I, personally, have not though now that you mention it...
The point of this is not to speculate if astronauts have sex in space and which ones, but to think about space tourism and colonizing the moon or Mars: if humans are going to spend any significant length of time in space, they're going to think about sex at some point.
I asked something like - are you guys thinking about that, really? Because all I could think about at the time was not vomiting or bonking my head on the roof when I flew through the air. Sex was the last thing on my mind.
I've never experience weightlessness so I have no idea, but I'd assume that, after a while, you'd get used to it, lose the nausea, and gain more control over your movements. Plus, I whole-heartedly agree with this sentiment:
While the engineers call for assistance devices and choreography as though it were a spacewalk, I have full confidence in the one human drive greater than the one to explore.If there's a will, there's a way. I also liked her suggestion to install the back seat of a car on the space station, since are has many of the same challenges (minus the no gravity thing) and people still regularly enjoy sex there.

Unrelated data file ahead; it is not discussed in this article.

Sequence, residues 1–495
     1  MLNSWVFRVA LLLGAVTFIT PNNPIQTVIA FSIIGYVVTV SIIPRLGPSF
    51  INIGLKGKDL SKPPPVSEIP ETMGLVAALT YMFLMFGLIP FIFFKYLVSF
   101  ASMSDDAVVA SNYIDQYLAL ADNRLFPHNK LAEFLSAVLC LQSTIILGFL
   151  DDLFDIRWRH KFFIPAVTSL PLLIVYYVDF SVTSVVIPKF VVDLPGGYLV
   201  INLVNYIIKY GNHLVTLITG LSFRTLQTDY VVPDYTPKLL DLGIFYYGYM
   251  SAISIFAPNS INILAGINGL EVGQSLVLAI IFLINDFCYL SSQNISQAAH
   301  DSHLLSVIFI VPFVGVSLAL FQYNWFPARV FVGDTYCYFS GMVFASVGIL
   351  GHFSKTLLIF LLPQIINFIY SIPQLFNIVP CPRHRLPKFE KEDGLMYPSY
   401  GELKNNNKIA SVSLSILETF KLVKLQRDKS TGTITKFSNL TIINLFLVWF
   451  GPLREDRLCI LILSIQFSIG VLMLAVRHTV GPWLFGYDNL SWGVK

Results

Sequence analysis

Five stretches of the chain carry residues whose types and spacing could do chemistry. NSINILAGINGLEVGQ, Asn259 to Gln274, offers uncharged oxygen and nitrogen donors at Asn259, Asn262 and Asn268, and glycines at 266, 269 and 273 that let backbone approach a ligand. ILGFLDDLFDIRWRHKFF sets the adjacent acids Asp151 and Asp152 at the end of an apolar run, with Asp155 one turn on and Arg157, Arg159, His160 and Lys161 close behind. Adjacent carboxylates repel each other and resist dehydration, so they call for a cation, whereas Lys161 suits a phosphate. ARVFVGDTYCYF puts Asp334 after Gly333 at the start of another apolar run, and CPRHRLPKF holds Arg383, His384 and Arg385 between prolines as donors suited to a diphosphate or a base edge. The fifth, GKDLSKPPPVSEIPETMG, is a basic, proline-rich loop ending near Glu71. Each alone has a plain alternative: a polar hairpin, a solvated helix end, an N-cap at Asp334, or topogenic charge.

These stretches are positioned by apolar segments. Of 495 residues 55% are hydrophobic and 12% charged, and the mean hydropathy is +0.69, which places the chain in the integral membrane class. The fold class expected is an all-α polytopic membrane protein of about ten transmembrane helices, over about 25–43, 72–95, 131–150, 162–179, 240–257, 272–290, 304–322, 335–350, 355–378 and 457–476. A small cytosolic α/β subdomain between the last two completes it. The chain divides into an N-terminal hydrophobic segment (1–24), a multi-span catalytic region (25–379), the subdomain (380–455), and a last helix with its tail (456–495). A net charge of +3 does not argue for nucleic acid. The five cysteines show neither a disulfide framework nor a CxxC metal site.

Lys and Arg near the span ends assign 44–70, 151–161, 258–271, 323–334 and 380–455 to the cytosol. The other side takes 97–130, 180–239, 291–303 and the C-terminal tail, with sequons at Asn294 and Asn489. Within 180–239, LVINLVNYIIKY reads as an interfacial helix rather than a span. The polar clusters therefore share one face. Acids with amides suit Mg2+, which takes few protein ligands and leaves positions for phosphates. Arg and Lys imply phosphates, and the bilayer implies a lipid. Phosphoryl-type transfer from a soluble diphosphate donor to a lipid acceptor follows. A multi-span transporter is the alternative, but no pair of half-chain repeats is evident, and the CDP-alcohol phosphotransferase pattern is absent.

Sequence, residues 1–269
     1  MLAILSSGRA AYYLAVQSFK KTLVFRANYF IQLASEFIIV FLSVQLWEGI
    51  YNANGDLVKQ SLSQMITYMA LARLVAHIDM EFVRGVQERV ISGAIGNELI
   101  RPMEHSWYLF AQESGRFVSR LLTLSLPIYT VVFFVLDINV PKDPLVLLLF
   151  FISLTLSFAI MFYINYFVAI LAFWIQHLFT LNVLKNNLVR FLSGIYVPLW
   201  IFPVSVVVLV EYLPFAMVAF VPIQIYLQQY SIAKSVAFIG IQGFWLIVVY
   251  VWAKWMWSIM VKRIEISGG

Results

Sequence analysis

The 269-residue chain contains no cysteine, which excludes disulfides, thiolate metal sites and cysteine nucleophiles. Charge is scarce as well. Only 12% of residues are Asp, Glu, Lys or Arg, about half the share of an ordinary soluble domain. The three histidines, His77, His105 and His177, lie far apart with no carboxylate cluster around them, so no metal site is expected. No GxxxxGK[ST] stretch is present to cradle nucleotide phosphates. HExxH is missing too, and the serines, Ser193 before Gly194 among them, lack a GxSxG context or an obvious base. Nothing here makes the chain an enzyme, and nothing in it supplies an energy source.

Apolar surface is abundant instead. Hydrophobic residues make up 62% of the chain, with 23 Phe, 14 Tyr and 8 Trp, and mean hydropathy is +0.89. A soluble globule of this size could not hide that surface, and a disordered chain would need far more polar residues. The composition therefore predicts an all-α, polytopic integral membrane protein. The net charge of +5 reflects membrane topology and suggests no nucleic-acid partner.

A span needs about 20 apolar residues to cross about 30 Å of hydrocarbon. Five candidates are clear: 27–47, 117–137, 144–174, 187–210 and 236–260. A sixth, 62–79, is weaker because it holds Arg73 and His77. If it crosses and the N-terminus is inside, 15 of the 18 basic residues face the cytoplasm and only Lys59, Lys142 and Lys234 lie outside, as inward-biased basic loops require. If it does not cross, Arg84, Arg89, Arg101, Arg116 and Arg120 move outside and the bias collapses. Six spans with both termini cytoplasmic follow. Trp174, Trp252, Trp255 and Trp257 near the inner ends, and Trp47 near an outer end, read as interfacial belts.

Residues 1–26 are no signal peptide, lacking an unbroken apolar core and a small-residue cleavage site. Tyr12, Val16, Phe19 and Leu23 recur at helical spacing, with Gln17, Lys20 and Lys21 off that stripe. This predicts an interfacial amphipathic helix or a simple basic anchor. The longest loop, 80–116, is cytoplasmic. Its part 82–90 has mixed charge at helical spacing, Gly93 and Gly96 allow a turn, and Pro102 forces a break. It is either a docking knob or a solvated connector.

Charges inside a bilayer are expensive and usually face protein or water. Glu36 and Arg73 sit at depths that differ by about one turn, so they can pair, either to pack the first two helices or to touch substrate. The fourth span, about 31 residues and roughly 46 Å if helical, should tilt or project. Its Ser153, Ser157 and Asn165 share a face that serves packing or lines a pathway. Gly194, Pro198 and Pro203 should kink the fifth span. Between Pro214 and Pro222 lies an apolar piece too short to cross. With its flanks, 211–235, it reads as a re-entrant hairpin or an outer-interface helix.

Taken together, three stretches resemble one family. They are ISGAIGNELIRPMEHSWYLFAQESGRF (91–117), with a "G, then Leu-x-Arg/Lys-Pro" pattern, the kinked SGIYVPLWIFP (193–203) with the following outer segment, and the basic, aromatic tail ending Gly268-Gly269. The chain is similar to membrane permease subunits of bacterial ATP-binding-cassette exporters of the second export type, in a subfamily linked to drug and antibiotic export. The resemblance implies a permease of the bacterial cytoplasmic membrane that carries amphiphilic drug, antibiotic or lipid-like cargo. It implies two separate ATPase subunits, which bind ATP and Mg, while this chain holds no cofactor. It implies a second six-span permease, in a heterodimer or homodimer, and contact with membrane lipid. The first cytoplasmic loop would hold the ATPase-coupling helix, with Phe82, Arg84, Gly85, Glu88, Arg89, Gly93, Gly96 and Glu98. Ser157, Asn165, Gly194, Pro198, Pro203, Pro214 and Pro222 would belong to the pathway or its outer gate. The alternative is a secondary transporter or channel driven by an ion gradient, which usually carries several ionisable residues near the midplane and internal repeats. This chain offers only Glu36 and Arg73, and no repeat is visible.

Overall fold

But the point of all this is to really talk about space research. It's popular to say "spend the money d0wn here on earth to fix our problems now!", but that's not seeing the big picture. Space is amazing - we hardly know anything about it. It's the final, FINAL frontier and it probably always will be. Just as its important to study the natural world around us (and studying the dep oceans is basically the same as studying space and I definitely think we should be down there too), it's important to feed our exploration of the stars.
If we want to be a society that values invention, creativity, engineering, exploration, etc., we should invest in space research because it reflects those values. Just because we want people to solve certain problems doesn't mean they will if we keep throwing money at them. You never know where a solution will come from; you don't know whether or not studying to create earth-levels of gravity on Mars or the moon will have any positive implications for life on earth. It might, or it might not. That's what humans do: we try things and experiment.
Should we start throwing money at NASA without holding it responsible? Of course not. We shouldn't do that for ANY organization. And NASA should also do a better job engaging the public, marketing its worth, showing people just how awesome space research really is and making it about every individual human's sense of wonder, not just high level, ivory tower research and projects or whatever.
Dude, space is awesome you guys.